In 1961, an expanded chapel offering 55 seats opened in the lobby of the A building (now the B building). At the time, the Sunday services were averaging 41 attendees. The new chapel, named in honor of Mary Hanson Carey, was funded by community members. Like the old chapel, the planners wanted to make the space welcoming by incorporating symbols from different faiths. The chapel contained two stunning stained-glass windows portraying the healing Christ. In March of 1970, the Medical Media Productions department installed remote television cameras in the chapel for transmitting services to patients through television sets in their rooms. 

During the hospital expansion in the 1980s, the chapel moved to its current location in the A West Building in 1986 and maintained the Mary Hanson Carey Memorial Chapel name. At the time of writing, there are many spiritual programs throughout the week in the chapel including Catholic Mass at 11 am every weekday, a prayer meditation on Wednesday afternoons, and a quiet space for meditation available at all times.  

Hospital Chaplaincy  

Chaplains were present at Methodist Hospital early in its history, but the hiring of Reverend Dr. Claude M. McClure as hospital chaplain in 1947 marked the rapid expansion of the chaplaincy program. Although McClure spent many hours visiting patients, his predominant skill was networking and doing outreach with other churches. He also helped bring financial support and nurses into the Methodist system. In 1961, Dr. McClure retired; he estimated that he made over a quarter of a million bedside visits during his tenure at Methodist Hospital. His successor was associate director, Dr. Kenneth E. Reed, who was the first certified professional hospital chaplain at Methodist. Aided by grants from the Lilly Endowment and the Paul H. Buchanan family, the chaplaincy and pastoral education programs became one of the hospital’s most successful activities. The program was divided into three main departments each headed by a qualified ministerial staff: Pastoral Care, Pastoral Education, and the Buchanan Counseling Center.  A direct result of the expanding spiritual programs was a 24 hour, seven days a week, pastoral visitation program. In 1967, Father William S. Fisher became the hospital’s first full-time Catholic chaplain.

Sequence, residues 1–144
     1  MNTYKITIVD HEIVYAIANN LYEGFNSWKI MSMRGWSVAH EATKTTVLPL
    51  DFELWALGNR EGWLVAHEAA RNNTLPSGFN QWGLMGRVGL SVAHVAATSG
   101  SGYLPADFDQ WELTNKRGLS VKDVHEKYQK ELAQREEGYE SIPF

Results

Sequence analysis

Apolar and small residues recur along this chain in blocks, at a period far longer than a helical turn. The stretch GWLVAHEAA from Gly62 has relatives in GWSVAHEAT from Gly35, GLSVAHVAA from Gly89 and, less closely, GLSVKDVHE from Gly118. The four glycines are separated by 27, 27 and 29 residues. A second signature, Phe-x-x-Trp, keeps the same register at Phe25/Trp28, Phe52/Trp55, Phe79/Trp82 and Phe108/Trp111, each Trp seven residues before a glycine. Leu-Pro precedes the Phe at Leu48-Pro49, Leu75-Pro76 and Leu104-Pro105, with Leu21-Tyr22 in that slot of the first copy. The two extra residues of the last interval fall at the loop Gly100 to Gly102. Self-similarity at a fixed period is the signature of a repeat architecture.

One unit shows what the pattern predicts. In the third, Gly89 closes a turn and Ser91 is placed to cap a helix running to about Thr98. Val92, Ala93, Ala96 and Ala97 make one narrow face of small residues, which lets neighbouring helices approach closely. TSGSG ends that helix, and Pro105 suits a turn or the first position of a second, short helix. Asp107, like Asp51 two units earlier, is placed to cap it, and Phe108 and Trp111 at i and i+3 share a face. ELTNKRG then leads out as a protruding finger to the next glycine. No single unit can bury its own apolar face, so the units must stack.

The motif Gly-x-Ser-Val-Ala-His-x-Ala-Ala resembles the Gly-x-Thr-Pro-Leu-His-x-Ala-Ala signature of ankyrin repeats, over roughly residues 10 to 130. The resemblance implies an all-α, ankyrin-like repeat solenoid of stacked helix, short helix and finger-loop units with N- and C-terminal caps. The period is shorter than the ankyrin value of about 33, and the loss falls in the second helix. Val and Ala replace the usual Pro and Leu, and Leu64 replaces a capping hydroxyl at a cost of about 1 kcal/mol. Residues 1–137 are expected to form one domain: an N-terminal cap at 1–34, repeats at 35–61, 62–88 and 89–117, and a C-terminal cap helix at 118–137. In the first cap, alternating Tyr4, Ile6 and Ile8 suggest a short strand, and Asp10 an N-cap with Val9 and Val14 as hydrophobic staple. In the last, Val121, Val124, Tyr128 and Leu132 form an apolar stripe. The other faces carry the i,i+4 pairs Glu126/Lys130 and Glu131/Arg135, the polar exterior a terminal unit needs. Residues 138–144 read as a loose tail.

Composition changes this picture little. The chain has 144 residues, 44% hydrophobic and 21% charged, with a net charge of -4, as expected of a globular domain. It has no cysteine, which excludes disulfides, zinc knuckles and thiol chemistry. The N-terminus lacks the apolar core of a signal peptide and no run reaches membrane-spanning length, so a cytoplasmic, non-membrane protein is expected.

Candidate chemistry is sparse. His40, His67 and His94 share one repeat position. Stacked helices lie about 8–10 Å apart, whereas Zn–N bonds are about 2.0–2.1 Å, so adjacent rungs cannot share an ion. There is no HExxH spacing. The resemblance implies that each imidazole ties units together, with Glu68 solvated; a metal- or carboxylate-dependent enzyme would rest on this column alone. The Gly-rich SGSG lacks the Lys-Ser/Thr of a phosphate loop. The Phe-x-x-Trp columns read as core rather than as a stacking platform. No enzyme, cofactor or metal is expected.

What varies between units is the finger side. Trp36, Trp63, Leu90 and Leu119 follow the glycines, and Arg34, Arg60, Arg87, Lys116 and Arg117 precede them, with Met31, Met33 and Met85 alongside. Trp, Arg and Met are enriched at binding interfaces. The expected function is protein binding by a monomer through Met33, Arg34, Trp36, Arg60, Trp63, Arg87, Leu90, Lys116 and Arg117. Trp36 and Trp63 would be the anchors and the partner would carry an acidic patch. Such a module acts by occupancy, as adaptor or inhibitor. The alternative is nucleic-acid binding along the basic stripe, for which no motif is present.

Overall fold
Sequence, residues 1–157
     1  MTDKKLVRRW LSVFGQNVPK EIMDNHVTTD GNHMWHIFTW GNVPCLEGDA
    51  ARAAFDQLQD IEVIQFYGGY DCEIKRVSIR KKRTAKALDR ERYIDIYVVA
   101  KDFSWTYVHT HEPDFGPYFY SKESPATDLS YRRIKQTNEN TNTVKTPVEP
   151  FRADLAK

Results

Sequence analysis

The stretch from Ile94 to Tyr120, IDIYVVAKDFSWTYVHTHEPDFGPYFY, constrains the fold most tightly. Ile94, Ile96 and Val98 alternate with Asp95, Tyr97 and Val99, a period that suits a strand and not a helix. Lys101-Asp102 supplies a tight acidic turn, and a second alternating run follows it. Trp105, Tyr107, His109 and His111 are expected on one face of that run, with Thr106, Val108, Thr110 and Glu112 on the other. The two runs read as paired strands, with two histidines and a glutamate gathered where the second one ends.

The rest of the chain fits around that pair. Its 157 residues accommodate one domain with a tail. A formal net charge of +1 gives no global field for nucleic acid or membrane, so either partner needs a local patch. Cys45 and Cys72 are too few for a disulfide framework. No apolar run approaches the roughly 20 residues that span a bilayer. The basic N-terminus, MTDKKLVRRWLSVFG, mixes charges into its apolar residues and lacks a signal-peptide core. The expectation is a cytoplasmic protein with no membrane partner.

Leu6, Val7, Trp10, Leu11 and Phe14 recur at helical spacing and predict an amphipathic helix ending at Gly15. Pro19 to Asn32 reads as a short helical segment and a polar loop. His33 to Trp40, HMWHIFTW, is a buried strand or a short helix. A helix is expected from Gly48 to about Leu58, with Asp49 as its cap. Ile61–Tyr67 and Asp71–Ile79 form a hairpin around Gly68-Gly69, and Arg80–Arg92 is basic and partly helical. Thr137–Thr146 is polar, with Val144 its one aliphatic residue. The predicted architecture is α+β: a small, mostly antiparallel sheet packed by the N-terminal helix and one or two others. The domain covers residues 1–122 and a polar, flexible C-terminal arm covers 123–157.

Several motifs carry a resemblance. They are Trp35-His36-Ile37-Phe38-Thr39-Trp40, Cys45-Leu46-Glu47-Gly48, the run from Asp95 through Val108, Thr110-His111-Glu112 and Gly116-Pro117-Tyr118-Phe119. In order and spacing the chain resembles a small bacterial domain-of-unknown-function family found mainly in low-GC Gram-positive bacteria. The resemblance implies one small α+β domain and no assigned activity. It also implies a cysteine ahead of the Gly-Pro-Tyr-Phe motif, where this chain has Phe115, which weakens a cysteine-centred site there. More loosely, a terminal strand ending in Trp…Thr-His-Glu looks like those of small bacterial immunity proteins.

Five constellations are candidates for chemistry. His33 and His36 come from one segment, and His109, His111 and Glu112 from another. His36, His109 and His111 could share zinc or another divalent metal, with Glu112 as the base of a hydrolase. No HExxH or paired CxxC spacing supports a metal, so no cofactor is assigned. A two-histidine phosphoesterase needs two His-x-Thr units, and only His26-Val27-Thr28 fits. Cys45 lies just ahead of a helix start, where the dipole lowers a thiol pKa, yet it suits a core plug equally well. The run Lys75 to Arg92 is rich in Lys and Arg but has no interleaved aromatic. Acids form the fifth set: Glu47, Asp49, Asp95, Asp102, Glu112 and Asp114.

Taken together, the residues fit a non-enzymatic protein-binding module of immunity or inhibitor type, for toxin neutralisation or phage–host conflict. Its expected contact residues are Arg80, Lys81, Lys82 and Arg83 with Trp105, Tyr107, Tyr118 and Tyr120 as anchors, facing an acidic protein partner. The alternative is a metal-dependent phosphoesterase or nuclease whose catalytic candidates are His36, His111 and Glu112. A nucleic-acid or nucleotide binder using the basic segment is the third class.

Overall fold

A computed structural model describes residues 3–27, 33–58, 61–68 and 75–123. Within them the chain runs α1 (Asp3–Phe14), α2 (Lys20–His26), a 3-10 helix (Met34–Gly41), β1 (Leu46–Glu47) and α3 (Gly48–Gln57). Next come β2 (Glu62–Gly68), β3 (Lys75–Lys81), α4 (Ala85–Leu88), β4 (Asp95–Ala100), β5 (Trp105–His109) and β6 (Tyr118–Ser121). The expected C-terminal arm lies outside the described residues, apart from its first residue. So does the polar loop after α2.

Walking Labyrinth  

In 2005, the Daniel F. Evans Center for Spiritual and Religious Values in Healthcare funded a walking labyrinth with an IU Health Spiritual Values Grant. The labyrinth is located outside of Noyes Pavilion. It can be accessed by the outside doors near the closed Noyes gift shop. Open at all times, the labyrinth provides a space for reflection for patients, families, hospital staff, and the public. Structural repairs to the building below the labyrinth resulted in a complete restoration of the design beginning in August of 2020. In May of 2021, the Evans Center engaged John Ridder to repaint the original labyrinth design on the new surface. Today patients, families, hospital staff, and community members use the refurbished space for reflection.  

Reed, Kenneth E. and Leary, Edward A. A History of Methodist Hospital of Indiana Inc.: A Mission of Compassionate Heath Care. Indianapolis, IN, 2007

Newspapers Consulted:

Indianapolis Star 

Indianapolis News

Materials in IU Health Archives Consulted:

Board and Committee Minutes

The Beacon Newsletter

Image Sources(Click to expand)

IU Health Archives

IU Health Archives

IU Health Archives

IU Health Archives